Ovid's Metamorphoses

Etukansi
University of Oklahoma Press, 1972 - 560 sivua

Ovid is a poet to enjoy, declares William S. Anderson in his introduction to this textbook. And Anderson’s skillful introduction and enlightening textual commentary will indeed make it a joy to use.

In these books Ovid begins to leave the conflict between men and the gods to concentrate on the relations among human beings. Subjects of the stories include Arachne and Niobe; Tereus, Procne, and Philomela; Medea and Jason; Orpheus and Eurydice; and many others, familiar and unfamiliar. For students of Latin-and teachers, too-they provide an interesting experience.

In his introduction the editor discusses Ovid’s career, the reputation of the Metamorphoses during Ovid’s time and after, and the various manuscripts that exist or have been known to exist. He describes the general plan of the poem, its main theme, and the problem of its tone. Technical matters, such as style and meter, are also considered. In notes the editor summarizes the story being told before proceeding to the line-by-line textual comments.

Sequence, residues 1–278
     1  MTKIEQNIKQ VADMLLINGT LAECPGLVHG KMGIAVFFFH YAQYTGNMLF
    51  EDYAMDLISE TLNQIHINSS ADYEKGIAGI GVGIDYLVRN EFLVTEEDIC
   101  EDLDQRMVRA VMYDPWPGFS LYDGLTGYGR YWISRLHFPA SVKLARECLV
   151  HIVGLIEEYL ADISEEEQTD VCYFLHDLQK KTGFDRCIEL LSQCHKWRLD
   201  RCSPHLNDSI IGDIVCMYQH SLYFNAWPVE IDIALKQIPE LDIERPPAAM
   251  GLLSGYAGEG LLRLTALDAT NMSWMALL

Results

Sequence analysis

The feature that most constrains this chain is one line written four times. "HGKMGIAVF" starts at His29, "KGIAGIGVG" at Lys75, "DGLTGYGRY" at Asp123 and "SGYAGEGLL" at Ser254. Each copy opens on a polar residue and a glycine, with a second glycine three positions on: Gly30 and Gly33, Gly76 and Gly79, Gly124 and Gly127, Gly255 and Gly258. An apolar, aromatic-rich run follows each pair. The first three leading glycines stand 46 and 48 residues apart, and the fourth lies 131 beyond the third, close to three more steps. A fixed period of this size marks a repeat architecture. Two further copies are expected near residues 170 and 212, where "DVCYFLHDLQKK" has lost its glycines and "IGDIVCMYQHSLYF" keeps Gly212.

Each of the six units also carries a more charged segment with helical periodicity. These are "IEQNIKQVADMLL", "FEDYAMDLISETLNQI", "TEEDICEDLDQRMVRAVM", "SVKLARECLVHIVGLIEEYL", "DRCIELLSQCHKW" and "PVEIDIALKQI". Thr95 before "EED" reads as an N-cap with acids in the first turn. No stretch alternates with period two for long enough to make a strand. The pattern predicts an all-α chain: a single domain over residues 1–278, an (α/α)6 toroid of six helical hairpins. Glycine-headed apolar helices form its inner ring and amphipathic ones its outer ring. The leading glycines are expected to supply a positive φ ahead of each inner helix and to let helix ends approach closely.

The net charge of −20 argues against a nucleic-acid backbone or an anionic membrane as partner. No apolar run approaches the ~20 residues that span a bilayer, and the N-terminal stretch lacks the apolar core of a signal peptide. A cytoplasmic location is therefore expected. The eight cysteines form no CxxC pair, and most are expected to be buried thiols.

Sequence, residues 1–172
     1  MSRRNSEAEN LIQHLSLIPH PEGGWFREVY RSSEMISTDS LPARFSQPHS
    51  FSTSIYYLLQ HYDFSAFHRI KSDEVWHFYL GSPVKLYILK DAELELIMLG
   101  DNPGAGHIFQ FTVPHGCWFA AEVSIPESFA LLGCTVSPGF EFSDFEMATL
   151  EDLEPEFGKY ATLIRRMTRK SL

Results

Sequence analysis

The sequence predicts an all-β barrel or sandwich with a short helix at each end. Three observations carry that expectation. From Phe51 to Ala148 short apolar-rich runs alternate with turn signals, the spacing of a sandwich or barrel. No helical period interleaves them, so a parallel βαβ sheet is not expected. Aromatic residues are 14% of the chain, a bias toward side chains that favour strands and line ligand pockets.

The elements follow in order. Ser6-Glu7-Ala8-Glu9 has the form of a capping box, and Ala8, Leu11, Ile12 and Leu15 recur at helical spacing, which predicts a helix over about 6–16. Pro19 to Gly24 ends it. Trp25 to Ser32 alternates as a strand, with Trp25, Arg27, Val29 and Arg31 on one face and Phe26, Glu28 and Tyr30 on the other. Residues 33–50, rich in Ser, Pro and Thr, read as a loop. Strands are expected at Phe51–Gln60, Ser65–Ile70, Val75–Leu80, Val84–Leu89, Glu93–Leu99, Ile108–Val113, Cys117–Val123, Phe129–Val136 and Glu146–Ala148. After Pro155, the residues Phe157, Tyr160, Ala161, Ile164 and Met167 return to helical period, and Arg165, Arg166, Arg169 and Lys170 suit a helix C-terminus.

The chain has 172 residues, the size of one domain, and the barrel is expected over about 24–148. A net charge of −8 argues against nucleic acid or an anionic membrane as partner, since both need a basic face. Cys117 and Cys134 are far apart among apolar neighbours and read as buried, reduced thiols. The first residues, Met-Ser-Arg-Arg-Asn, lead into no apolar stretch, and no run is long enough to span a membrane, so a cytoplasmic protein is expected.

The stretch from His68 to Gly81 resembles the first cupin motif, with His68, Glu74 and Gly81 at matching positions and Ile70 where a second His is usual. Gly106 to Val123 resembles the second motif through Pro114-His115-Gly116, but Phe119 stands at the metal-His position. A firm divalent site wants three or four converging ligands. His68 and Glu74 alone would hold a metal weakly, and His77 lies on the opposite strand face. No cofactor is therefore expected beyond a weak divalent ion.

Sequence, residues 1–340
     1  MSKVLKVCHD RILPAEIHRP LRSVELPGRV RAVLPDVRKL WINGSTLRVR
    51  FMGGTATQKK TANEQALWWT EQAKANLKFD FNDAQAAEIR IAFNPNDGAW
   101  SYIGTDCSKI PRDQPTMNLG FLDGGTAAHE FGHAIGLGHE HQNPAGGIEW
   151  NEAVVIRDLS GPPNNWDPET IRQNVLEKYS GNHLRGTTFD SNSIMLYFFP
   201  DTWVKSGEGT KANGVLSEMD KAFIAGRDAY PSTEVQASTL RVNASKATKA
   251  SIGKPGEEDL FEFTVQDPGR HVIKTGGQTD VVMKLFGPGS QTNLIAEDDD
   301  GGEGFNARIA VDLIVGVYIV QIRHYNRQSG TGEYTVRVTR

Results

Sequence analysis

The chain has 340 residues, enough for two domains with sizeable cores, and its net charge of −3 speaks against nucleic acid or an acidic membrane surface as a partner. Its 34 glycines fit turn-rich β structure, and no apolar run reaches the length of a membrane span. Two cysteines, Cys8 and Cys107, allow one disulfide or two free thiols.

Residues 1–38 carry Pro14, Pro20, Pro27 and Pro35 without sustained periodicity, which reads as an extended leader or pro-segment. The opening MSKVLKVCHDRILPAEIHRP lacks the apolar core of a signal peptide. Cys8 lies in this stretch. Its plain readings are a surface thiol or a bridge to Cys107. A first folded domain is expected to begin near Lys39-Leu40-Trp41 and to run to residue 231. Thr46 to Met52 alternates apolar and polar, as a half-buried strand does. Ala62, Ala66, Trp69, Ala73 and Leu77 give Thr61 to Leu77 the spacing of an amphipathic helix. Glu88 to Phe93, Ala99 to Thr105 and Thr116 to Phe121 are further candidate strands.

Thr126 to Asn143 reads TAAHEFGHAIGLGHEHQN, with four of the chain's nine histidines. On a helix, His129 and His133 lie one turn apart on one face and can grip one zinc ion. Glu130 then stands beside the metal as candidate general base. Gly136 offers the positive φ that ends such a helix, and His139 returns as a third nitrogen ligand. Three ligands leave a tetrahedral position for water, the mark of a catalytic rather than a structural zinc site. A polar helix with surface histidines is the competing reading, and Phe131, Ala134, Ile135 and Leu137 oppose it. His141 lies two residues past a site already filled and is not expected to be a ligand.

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Sisältö

INTRODUCTION page
3
Liber Sextus
39
Liber Septimus
59
Liber Octavus
82
Liber Nonus
106
Liber Decimus
128
Abbreviations in Notes
150
to Book 7
243
to Book 8
333
to Book 9
417
to Book 10
475
INDEX
537
Tekijänoikeudet

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Tietoja kirjoittajasta (1972)

Publius Ovidius Naso (20 March 43 BC--AD 17/18), known as Ovid. Born of an equestrian family in Sulmo, Ovid was educated in rhetoric in Rome but gave it up for poetry. He counted Horace and Propertius among his friends and wrote an elegy on the death of Tibullus. He became the leading poet of Rome but was banished in 8 A.D. by an edict of Augustus to remote Tomis on the Black Sea because of a poem and an indiscretion. Miserable in provincial exile, he died there ten years later. His brilliant, witty, fertile elegiac poems include Amores (Loves), Heroides (Heroines), and Ars Amatoris (The Art of Love), but he is perhaps best known for the Metamorphoses, a marvelously imaginative compendium of Greek mythology where every story alludes to a change in shape. Ovid was admired and imitated throughout the Middle Ages and Renaissance. Chaucer, Spenser, Shakespeare, and Jonson knew his works well. His mastery of form, gift for narration, and amusing urbanity are irresistible.

William S. Anderson is Professor of Classics at the University of California, Berkeley. He is also the editor of Ovid's Metamorphoses: Books 6-12 and Ovid's: The Classical Heritage.

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